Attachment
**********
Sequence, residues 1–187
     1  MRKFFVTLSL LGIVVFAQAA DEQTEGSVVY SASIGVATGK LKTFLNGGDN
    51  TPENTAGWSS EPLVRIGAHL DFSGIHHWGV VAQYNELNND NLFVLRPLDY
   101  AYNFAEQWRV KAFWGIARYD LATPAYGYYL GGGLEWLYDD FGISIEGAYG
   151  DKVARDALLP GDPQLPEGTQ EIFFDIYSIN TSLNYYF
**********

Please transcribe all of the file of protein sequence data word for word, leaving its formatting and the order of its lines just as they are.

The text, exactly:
Sequence, residues 1–187
     1  MRKFFVTLSL LGIVVFAQAA DEQTEGSVVY SASIGVATGK LKTFLNGGDN
    51  TPENTAGWSS EPLVRIGAHL DFSGIHHWGV VAQYNELNND NLFVLRPLDY
   101  AYNFAEQWRV KAFWGIARYD LATPAYGYYL GGGLEWLYDD FGISIEGAYG
   151  DKVARDALLP GDPQLPEGTQ EIFFDIYSIN TSLNYYF